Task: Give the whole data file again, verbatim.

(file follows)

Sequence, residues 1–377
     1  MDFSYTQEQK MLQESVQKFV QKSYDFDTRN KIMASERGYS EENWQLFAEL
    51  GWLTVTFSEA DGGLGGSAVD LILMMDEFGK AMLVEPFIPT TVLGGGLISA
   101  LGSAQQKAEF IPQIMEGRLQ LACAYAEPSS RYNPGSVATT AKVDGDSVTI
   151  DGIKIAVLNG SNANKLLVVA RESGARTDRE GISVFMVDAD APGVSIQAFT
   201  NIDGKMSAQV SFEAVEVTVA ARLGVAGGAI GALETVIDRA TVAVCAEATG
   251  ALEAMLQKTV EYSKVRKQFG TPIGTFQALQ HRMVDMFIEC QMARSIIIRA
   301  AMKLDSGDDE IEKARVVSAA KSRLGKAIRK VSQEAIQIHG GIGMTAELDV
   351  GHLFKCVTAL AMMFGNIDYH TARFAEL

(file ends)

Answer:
Sequence, residues 1–377
     1  MDFSYTQEQK MLQESVQKFV QKSYDFDTRN KIMASERGYS EENWQLFAEL
    51  GWLTVTFSEA DGGLGGSAVD LILMMDEFGK AMLVEPFIPT TVLGGGLISA
   101  LGSAQQKAEF IPQIMEGRLQ LACAYAEPSS RYNPGSVATT AKVDGDSVTI
   151  DGIKIAVLNG SNANKLLVVA RESGARTDRE GISVFMVDAD APGVSIQAFT
   201  NIDGKMSAQV SFEAVEVTVA ARLGVAGGAI GALETVIDRA TVAVCAEATG
   251  ALEAMLQKTV EYSKVRKQFG TPIGTFQALQ HRMVDMFIEC QMARSIIIRA
   301  AMKLDSGDDE IEKARVVSAA KSRLGKAIRK VSQEAIQIHG GIGMTAELDV
   351  GHLFKCVTAL AMMFGNIDYH TARFAEL